Milica Bakić-Hayden: Doubly Neglected: Women and Religion in the Balkans—The Case of Orthodox Women Monastics
by Nada Petković
On October 17, 2016, the Franke Institute for the Humanities hosted a lecture on Orthodox
Women Monastics in the Balkans delivered by Milica Bakić-Hayden, a scholar in religious studies from the University of Pittsburgh. The event was sponsored by the Center for East European and Russian/Eurasian Studies, The Franke Institute for the Humanities, and the Department of Slavic Languages and Literatures. The paper was based on ethnographic research conducted among women monastics in Serbia over the course of the last decade.
Starting with the wider context of Balkan women’s religiosity, Bakić-Hayden began her talk by alluding to the words of Isidora Sekulić—one of the most remarkable Serbian intellectuals of the first half of the 20th century, and the first female member of the Serbian Royal Academy of Sciences—well known for her life philosophy, usually expressed in three words: work, poverty, and silence. In her book of essays from 1940, The Balkans, Sekulić noted that the Balkans had always been represented as an inherently divided region, to be rescued only by an external actor: “Foreigners and foreign politicians usually have only poor or no knowledge and experience of things Balkan. Even when they know something about it they always portray it, for the sake of a particular political interest, as a damaged ship, which keeps being rocked by the winds of discordance and intolerance, and which must inevitably be helped by some outsider in order not to sink….” In her introduction, Bakić-Hayden referred to these thoughts on “Balkan” from eight decades ago, drawing attention to additional meaning they have acquired in our times, “in which critical categories such as orientalism and balkanism have begun to frame self-awareness of many Balkan intellectuals and even, to a certain extent, the general public as well.”
To preface the life histories of the contemporary women monastics, our presenter told us the story about Kassiani, best known as an early 9th century hymnographer, writer, and composer, but also as a beautiful, well-educated aristocratic maiden of Constantinople, who qualified to be bride of the emperor Theophilius (ca. 830). Following an unwelcome remark at court before the emperor, which robbed her of a chance to become Byzantine empress, Kassiani renounced her secular life, and chose the life of silence behind the walls of the monastery that she had built for herself, became its first abbess, and devoted herself to writing and composing. She is credited with 49 ecclesiastical hymns as well as 26 secular works consisting of epigrams and gnomic verses.
If in the past monasticism, as illustrated by Kassiani, provided women with an alternative to married life and social obligations, the question Bakić-Hayden asked was “What appeal could monasticism have for women nowadays, given the variety of lifestyles that exist today?” Her research focused on how female monasticism operates today in Serbian society, which has traditionally been Orthodox Christian, but witnessed radical changes and discontinuities during 45 years of communism followed by the wars of the 1990s. The speaker was inspired to understand the profile of women who entered monasteries in this period, as well as the rise in their numbers described as an increase of 20%, after comparing figures from 1987 and 1997, respectively. She highlighted this trend as a phenomenon that demands explanation, but noted throughout her talk that it is difficult to account for it.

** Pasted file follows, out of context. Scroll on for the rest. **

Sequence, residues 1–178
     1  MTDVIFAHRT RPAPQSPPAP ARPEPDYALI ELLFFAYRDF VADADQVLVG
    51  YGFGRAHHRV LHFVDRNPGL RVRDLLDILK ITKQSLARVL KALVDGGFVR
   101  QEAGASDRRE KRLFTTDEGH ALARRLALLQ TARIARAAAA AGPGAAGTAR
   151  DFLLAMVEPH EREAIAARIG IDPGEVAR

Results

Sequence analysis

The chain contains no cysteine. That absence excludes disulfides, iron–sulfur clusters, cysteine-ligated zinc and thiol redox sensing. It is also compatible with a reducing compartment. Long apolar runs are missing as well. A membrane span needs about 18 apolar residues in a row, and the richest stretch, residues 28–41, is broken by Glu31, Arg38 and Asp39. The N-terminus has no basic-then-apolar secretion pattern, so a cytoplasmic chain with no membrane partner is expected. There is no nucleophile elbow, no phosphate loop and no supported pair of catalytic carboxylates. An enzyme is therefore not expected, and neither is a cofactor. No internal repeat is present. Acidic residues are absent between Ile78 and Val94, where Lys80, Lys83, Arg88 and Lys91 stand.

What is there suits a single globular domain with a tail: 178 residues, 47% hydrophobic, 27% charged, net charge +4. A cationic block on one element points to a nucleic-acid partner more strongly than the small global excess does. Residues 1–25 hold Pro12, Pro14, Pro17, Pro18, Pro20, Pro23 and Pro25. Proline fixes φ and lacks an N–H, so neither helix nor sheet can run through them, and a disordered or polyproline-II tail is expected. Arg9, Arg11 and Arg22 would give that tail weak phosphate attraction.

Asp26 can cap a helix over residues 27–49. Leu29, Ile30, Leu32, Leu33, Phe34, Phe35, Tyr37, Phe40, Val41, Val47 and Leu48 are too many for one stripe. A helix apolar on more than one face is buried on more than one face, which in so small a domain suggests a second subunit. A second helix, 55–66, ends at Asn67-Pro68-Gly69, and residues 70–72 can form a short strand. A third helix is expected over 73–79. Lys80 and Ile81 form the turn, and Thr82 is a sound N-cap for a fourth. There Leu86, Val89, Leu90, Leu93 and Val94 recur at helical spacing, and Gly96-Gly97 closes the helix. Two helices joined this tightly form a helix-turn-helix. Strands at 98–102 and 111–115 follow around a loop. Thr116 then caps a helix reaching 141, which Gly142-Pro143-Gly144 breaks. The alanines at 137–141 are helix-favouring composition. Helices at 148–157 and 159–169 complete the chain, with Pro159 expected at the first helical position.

Over the centuries women monastics in the Serbian Orthodox Church had typically issued from more noble and elite classes, and rich abbesses like Kassiani had built their own monasteries. Bakić-Hayden divided women monastics into three generations based on when they made their vows: the postwar period of the 1950s, the 1960s/70s, and the 1980s/90s. We then heard life history accounts of monastics representing each of these generations, as Bakić-Hayden explored their backgrounds and their stories about what had drawn them to the holy order. While various women recounted being irreversibly drawn to God by His divine force, for instance in hearing his voice, their social profiles varied widely in terms of class, education, profession, age, and rural vs. urban lifestyles. As for the paper’s title, Bakić-Hayden characterized these women monastics as doubly neglected; since their trajectories are unknown to the world outside a narrow religious context, their voices consistently feature less prominently than those of their male monastic counterparts.
Bakić-Hayden’s paper raises a series of questions. How does the phenomenon of an increase in the number of woman monastics relate to the broader dynamics of social reproduction in contemporary Serbian society? Specifically, what kind of sociality does female monasticism offer and how does it explain the appeal of the order to women of quite varied backgrounds in terms of urban vs. rural origins, class, education, and age? What affective, political, and psychological ties are part of this sociality? What representations of ‘Balkan’ and the Balkans are active within the church itself, and within the monastery walls inhabited by Bakić-Hayden’s informants? How do they conceptualize and enact their relationships to male monastics, to external and fundamental elements in the Orthodox Church, and to a broader Christian humanism beyond the region? Where do women monastics fit into the larger economy of representation around women and their social roles in the traditionally patriarchal society of the Balkans? Finally, what can the case of women monastics teach us about how the broader population defines itself in relation to enduring global discourses of Balkan alterity and fatalism? It remains to be seen how this ongoing research will produce answers to some of these questions.